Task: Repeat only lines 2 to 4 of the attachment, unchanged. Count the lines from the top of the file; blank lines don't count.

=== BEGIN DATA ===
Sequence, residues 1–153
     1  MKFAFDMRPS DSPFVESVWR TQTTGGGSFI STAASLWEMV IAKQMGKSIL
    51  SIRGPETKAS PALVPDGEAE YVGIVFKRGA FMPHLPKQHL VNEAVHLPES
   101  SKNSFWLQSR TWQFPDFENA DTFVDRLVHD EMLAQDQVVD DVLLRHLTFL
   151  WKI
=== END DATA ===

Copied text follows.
     1  MKFAFDMRPS DSPFVESVWR TQTTGGGSFI STAASLWEMV IAKQMGKSIL
    51  SIRGPETKAS PALVPDGEAE YVGIVFKRGA FMPHLPKQHL VNEAVHLPES
   101  SKNSFWLQSR TWQFPDFENA DTFVDRLVHD EMLAQDQVVD DVLLRHLTFL